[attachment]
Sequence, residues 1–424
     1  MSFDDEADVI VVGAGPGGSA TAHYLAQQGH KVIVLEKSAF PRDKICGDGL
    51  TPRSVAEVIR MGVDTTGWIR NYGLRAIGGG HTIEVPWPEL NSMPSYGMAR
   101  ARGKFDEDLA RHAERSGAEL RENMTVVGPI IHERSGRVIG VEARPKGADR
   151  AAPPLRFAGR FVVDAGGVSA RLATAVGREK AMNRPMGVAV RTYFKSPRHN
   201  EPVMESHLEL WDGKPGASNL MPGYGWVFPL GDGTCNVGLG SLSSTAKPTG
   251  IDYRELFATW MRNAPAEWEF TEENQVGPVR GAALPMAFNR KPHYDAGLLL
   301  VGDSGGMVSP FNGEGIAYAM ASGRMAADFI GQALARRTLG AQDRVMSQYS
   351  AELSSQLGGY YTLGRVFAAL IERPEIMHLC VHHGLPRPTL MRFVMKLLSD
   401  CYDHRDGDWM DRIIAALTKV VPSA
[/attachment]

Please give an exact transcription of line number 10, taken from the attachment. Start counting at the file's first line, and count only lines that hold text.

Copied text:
   401  CYDHRDGDWM DRIIAALTKV VPSA